Lesson Video: Cross Product in 2D Mathematics

In this video, we will learn how to find the cross product of two vectors in the coordinate plane.

17:59

Video Transcript

In this video, we will learn how to find the cross product of two vectors in the coordinate plane. We will begin by defining what we mean by the cross product. We know that any vector has magnitude or length and direction. One way of multiplying two vectors is using the cross product. The cross product written 𝐚 cross 𝐛 of two vectors is another vector that is at right angles to both of them. This can be seen in the diagram drawn.

We will now look at the geometric meaning of the cross product. The magnitude or length of the cross product equals the area of a parallelogram with vectors 𝐚 and 𝐛 for sides. This is shown in the diagram. And the area of the parallelogram and cross product alter for different values of the angle 𝜃. The cross product equals zero when the vectors point in the same or opposite direction. The maximum value of the cross product occurs when the vectors are perpendicular. This means that vectors 𝐚 and 𝐛 are at right angles.

Let’s now look at how we can use this information to calculate the cross product. We can calculate the cross product as follows. 𝐚 cross 𝐛 is equal to the magnitude of vector 𝐚 multiplied by the magnitude of vector 𝐛 multiplied by sin of angle 𝜃 multiplied by the unit vector 𝐧. We know that the magnitudes of vector 𝐚 and vector 𝐛 are the lengths of these vectors. 𝜃 is the positive angle less than or equal to 180 degrees between vector 𝐚 and vector 𝐛. 𝐧 hat is the unit vector at right angles to both vector 𝐚 and vector 𝐛. The direction of 𝐚 cross 𝐛 is perpendicular to the plane of vector 𝐚 and vector 𝐛 and in the right-handed direction.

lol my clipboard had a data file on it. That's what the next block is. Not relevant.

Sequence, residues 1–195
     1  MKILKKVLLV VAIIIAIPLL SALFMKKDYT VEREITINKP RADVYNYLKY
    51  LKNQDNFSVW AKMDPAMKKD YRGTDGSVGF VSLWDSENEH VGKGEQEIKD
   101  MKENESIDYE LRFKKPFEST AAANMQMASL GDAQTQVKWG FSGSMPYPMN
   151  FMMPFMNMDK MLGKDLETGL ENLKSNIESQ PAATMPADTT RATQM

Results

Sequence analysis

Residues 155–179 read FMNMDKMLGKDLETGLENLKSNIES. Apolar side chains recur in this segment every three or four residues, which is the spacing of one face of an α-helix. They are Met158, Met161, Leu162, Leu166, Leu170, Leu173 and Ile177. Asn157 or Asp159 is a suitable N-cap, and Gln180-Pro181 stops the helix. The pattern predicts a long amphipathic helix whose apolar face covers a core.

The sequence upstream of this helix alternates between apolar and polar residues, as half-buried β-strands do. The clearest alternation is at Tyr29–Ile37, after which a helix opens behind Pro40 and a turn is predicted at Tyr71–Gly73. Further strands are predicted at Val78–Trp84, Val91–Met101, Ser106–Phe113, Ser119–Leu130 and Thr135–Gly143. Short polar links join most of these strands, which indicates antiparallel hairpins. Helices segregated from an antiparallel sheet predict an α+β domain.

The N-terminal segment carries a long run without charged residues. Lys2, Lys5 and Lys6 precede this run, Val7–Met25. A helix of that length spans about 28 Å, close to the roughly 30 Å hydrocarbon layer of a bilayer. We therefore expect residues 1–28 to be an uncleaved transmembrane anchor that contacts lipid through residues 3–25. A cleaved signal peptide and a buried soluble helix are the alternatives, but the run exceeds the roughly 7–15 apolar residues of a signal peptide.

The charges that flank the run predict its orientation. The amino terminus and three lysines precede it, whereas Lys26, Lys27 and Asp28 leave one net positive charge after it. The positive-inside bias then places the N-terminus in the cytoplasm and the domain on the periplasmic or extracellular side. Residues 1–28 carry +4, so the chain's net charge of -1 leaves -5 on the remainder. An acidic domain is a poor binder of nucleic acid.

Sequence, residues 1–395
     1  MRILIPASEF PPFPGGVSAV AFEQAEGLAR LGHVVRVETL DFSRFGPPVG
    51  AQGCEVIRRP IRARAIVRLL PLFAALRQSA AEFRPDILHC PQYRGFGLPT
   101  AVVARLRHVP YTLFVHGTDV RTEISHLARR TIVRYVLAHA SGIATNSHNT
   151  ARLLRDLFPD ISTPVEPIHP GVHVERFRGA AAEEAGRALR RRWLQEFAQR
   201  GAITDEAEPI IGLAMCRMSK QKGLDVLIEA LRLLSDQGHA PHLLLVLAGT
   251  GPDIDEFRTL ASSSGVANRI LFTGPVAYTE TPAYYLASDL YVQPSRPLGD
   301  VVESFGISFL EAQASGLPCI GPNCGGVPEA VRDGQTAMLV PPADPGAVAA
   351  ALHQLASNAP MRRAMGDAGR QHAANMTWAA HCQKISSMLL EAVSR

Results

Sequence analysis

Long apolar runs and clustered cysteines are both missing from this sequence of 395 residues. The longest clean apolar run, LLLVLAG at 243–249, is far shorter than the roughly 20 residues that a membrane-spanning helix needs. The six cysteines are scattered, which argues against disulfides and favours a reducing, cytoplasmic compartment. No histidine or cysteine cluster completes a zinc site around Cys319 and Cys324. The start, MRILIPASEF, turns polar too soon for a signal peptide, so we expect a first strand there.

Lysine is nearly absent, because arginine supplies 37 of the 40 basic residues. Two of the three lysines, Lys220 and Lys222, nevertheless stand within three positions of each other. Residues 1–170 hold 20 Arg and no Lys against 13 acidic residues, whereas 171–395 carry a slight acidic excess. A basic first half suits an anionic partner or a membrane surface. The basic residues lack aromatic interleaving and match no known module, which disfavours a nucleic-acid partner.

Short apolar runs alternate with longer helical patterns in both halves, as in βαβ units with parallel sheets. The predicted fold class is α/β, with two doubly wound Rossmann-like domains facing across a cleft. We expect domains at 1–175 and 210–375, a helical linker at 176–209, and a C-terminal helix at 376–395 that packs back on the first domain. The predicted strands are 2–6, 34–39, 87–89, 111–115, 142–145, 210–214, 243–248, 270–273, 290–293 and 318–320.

Imagine a screwdriver driving a right-handed screw in the direction of 𝐚 cross 𝐛. In doing so, our fingers curl in the direction of rotation of 𝐚 into 𝐛, as shown by the arrow in the diagram. Our thumb points in the direction of 𝐚 cross 𝐛. We can therefore conclude that the cross product of vector 𝐚 and vector 𝐛 is equal to the length of vector 𝐚 multiplied by the length of vector 𝐛 multiplied by the sin of angle 𝜃, which is the angle between the vectors. We then multiply this by the unit vector 𝐧 so that it heads in the correct direction.

We will now look at some examples. And in our first question, we will calculate the cross product in a problem involving a square.

Given that 𝐴𝐵𝐶𝐷 is a square with side length 27 centimeters and 𝐞 hat is the unit vector perpendicular to its plane, determine the cross product of 𝐀𝐁 and 𝐂𝐀.

In this question, we’re being asked to calculate the cross product. And we know the cross product of vector 𝐚 and vector 𝐛 is equal to the magnitude of vector 𝐚 multiplied by the magnitude of vector 𝐛 multiplied by sin of angle 𝜃 multiplied by the unit vector 𝐧. 𝜃 is the angle between the two vectors. And the unit vector 𝐧 is perpendicular to both vector 𝐚 and vector 𝐛.

We are told that the square 𝐴𝐵𝐶𝐷 has side length 27 centimeters. As the magnitude of a vector is equal to its length, the magnitude of vector 𝐀𝐁 is equal to 27. We also need to calculate the magnitude of vector 𝐂𝐀. As triangle 𝐴𝐵𝐶 is a right triangle, we can do this using the Pythagorean theorem, which states that 𝑎 squared plus 𝑏 squared is equal to 𝑐 squared, where 𝑐 is the length of the longest side or hypotenuse.

In this question, we have the magnitude of 𝐀𝐁 squared plus the magnitude of 𝐁𝐂 squared is equal to the magnitude of 𝐂𝐀 squared. We know that the magnitude or length of 𝐀𝐁 and 𝐁𝐂 is 27. 27 squared plus 27 squared is equal to 1458. We can then square root both sides of this equation so that the magnitude of 𝐂𝐀 is equal to 27 root two.

Our next step is to redraw our diagram so that the tails or start points of both vectors are at the same point. We need to calculate the angle 𝜃 between vector 𝐀𝐁 and vector 𝐂𝐀. As the diagonal in a square cuts a right angle in half and a half of 90 degrees is 45 degrees, then 𝜃 will be equal to 180 minus 45 degrees. The angle between vector 𝐀𝐁 and vector 𝐂𝐀 is 135 degrees.